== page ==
As usual, I’m with what Bruce Rolston said at the time. The real problem with Guantanamo is that the US government should have been very clear and explicit about sorting them into POWs under the Geneva Conventions and suspected war criminals, with formal hearings of some sort carried out long before now– rather than simply declaring them all “unlawful combatants” on Rumsfeld’s say-so, and implying that Geneva just didn’t matter.
    Unfortunately, in the world press the real issue got buried under bogus accusations of mistreatment. Most of these guys probably really are both criminal and extremely dangerous, and considering that, they’re treated quite well (no chicken-wire cages any more). There should have been some semblance of a process to point this out, though, and in 2001, not 2003.
    Maybe I’m a dreamer, but we might have been spared a few of those nasty articles about how we had no right to complain about POWs being shot and shocked with car batteries in Iraq.

  • http://www.albawaba.com/headlines/TheNews.php3?sid=247857&lang=e&dir=business Ahmed

    Guantanamo Bay is a travesty. It is illegal by any convention. The fact that it goes on just goes to highlight what sort of school bully the US really is. When your foreign policy is so harsh that people feel they have no alternative than to become human bombs in order to make a difference, is it surprising that their is no shortage of martyrs?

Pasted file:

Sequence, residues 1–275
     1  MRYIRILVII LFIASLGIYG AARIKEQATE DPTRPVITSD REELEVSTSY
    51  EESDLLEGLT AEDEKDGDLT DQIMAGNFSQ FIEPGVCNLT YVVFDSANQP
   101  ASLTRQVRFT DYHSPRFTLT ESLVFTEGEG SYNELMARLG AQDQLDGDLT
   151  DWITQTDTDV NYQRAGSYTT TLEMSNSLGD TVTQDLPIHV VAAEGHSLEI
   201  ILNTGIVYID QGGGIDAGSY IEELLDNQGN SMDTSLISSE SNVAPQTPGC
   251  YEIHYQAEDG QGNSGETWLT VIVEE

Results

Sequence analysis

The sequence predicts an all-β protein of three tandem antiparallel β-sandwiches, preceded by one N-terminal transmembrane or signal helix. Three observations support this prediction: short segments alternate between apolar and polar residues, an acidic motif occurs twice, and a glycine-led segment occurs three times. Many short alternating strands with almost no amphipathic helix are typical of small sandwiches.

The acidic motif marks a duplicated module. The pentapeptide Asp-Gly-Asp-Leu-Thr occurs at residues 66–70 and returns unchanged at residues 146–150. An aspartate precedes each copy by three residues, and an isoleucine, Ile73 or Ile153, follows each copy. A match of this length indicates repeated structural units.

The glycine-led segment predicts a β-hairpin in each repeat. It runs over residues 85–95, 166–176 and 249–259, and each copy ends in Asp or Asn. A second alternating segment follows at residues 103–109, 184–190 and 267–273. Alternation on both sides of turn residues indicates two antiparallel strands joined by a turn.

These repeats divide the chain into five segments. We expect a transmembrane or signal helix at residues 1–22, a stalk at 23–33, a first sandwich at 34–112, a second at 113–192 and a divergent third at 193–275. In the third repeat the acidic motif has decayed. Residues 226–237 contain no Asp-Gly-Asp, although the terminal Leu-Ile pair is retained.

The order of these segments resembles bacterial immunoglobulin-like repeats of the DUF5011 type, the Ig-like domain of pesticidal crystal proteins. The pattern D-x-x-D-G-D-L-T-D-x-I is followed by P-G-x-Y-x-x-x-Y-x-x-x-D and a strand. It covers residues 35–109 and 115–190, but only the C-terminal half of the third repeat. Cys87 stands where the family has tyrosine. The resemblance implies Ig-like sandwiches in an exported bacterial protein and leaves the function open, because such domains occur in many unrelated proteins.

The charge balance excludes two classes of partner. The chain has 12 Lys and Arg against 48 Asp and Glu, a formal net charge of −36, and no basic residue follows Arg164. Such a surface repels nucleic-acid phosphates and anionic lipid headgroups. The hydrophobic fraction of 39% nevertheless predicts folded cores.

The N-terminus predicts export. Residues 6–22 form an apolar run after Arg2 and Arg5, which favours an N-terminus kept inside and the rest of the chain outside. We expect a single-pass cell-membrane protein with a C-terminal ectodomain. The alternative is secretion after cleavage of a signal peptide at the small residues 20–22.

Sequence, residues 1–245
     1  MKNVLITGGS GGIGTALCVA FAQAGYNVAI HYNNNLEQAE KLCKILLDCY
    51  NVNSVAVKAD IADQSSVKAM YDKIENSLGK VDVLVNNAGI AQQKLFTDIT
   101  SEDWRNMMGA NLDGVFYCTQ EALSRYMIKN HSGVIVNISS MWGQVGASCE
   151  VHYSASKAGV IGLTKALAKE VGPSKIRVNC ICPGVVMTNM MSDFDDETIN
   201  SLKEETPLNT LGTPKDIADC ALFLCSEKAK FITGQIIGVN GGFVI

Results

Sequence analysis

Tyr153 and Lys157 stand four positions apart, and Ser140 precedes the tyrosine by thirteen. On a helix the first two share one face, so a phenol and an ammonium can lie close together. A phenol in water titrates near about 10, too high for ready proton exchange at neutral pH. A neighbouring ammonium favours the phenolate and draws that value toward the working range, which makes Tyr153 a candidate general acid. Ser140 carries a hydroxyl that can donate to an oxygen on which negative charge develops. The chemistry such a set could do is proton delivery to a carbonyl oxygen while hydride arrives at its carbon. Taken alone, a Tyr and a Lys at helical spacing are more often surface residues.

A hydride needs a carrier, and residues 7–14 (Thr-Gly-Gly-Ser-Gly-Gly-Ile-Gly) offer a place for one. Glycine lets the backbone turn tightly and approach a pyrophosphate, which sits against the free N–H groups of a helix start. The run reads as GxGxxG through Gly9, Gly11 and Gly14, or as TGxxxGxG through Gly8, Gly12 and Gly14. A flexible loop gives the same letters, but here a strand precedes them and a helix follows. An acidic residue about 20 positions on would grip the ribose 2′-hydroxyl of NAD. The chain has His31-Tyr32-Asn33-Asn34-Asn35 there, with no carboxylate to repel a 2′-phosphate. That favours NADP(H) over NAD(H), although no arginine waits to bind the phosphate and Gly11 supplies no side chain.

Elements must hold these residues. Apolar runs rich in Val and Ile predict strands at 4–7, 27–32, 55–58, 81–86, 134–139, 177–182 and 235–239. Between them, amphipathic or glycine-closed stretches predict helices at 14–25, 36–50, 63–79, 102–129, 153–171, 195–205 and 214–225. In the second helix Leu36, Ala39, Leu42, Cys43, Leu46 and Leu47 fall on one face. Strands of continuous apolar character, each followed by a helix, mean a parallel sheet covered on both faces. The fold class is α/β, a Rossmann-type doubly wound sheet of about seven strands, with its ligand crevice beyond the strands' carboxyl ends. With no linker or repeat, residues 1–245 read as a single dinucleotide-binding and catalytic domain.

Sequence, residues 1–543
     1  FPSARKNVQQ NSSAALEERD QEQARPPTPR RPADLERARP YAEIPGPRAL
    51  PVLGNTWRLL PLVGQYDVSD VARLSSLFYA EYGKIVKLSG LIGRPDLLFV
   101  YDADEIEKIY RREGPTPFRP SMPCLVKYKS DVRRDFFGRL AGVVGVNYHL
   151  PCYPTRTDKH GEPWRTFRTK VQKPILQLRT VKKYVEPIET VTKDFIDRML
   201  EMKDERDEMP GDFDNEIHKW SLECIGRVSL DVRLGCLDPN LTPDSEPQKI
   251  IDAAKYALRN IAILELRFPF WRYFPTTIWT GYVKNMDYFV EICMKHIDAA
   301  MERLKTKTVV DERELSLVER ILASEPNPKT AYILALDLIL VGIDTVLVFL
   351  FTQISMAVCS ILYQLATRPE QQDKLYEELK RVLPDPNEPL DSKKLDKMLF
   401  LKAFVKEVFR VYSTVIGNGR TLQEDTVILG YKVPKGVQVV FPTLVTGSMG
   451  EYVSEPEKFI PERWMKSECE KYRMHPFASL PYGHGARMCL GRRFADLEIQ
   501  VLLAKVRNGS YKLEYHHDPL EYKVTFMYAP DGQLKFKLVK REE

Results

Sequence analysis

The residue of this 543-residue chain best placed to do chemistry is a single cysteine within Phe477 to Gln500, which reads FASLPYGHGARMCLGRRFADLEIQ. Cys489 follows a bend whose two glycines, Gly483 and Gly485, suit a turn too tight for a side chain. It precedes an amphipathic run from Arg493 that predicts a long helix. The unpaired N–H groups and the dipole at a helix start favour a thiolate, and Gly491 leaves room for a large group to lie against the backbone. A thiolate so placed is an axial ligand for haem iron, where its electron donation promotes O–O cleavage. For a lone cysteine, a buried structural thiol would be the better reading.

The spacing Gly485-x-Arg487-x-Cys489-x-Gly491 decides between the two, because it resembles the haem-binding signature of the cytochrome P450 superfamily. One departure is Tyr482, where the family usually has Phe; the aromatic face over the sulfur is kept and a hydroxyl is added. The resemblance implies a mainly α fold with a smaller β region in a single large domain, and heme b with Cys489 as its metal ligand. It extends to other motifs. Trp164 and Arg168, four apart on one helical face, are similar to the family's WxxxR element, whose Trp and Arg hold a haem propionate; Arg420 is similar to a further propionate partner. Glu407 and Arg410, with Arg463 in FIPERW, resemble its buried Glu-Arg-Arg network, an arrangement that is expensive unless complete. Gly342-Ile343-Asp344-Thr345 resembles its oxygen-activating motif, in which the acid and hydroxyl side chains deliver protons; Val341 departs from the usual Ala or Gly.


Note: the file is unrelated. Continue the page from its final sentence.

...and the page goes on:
The USA had better start behaving soon and respect the fact that some people just dont want to buy into American style democracy, with corrupt Enron style leadership, lest more and more people will join the fight and start attacking the soft underbelly of the USA worldwide.

  • http://oraculations.blogspot.com Howard Veit

    By all means let’s conduct ourselves in all cases to gain the approval of others. That’s what really counts.

  • http://spleenville.com/ Andrea Harris

    “the soft underbelly of the US” LOL Ahmed. Guess they still teach you to use old Marxist clich

  • Balbulican

    The point isn’t winning international “approval”, Howard. It’s abiding by the same international law that the US expects others to uphold.

  • http://revirement.de/weblog/ vasili

    So holding youth may not be unjustified.
    i was wondering how you would turn the detention of kids (without any rights and any chance to prove their innocence) into something good. as always, you did a great job.
    remember your comment on the youths that were freed from prison in iraq? then you didn’t see any justification. quod licet iovi non licet bovi, isn’t it? oh wait – of course they weren’t criminals, but political prisoners. according to their own saying, that is. but who would dare to think about it?

  • jb

    Let’s see…
    On one hand, we have three 16-year old teens captured in a war zone. They were allegedly armed terrorists engaging in non-conventional warfare against our troops.